Orders of the Day — Racial and Religious Hatred Bill

Part of the debate – in the House of Commons at 4:19 pm on 21st June 2005.

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Photo of Charles Clarke Charles Clarke Home Secretary 4:19 pm, 21st June 2005

I beg to move, That the Bill be now read a Second time.

The offence had been agreed by the House twice previously: as part of the Anti-terrorism, Crime and Security Act 2001 and, only a few months ago, as part of the Serious Organised Crime and Police Act 2005. On both occasions, the relevant clauses had to be withdrawn because of timetable pressures to secure the passage of other important legislation.

Since those considerations, two significant changes have been made. First, we made a clear manifesto commitment to legislate to outlaw incitement to religious hatred and the electorate have endorsed that manifesto. We have moved quickly to fulfil the manifesto commitment. Secondly, the proposed offence is in a single-issue Bill and has not been tied to other measures. That caused some hon. Members genuine concern on the previous two occasions and we have listened to those anxieties by introducing the Bill in its current form, rather than including the provision in other legislation. Tackling the matter in a single-issue Bill will ensure that the proposals receive the detailed scrutiny that they deserve, and I hope that hon. Members of all parties will welcome that aspect of our consideration.

Some things have not changed, however. It is clear from the coverage in the media and elsewhere that misconceptions about the purpose and effect of the Bill remain and are still widespread in some areas. I therefore begin by emphasising that the Bill deals with hatred and incitement to hatred. It is about the nasty and extreme behaviour that drives people to hate others and sometimes, as the recent desecration of Jewish cemeteries shows, to turn that hatred against people and property. It is about behaviour that destroys individuals' lives and sets one community against another.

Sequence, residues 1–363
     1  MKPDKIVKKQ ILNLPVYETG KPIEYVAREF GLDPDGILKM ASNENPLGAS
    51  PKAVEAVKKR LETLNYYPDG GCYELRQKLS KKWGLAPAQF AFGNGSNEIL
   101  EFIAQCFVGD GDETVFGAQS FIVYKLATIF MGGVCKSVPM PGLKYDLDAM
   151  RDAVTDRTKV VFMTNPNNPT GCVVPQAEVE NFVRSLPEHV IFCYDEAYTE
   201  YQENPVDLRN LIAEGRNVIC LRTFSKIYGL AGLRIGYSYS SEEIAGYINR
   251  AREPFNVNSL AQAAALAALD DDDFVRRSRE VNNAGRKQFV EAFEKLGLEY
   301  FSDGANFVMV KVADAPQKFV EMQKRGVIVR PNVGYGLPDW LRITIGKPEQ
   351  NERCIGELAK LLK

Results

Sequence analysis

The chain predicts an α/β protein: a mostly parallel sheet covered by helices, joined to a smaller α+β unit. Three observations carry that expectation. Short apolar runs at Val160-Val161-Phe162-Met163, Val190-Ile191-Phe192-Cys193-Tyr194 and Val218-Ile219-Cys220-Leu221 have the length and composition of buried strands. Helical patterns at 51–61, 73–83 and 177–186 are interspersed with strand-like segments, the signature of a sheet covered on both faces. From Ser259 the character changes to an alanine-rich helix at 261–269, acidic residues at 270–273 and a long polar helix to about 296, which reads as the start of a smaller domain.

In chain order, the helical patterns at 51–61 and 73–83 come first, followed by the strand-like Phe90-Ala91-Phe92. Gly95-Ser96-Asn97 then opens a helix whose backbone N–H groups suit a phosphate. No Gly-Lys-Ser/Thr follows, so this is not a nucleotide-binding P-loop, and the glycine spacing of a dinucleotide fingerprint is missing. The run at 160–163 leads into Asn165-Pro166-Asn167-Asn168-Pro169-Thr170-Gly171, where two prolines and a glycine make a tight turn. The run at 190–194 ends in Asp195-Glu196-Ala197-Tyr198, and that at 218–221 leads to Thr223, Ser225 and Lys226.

In evidence to the House of Lords Select Committee on religious offences, the Association of Chief Police Officers said that hatred stirred up by extremist groups contributed to the Bradford and Burnley riots in 2001. The Bill is intended to help tackle that sort of hatred—I emphasise "hatred".

The Bill does not stop anybody telling jokes about religion, ridiculing religions or engaging in robust debate about religion. It will not stop people from proselytising and it will not curb artistic freedom. Neither the purpose nor the effect of the Bill is to limit freedom of expression, with all the robustness that one would expect and, I would say, desire in a democracy. There is no evidence to show that the Bill will have that effect. Indeed, the current offence of incitement to racial hatred already covers Jews and that has not stopped anyone telling jokes about Jews or criticising the Jewish faith.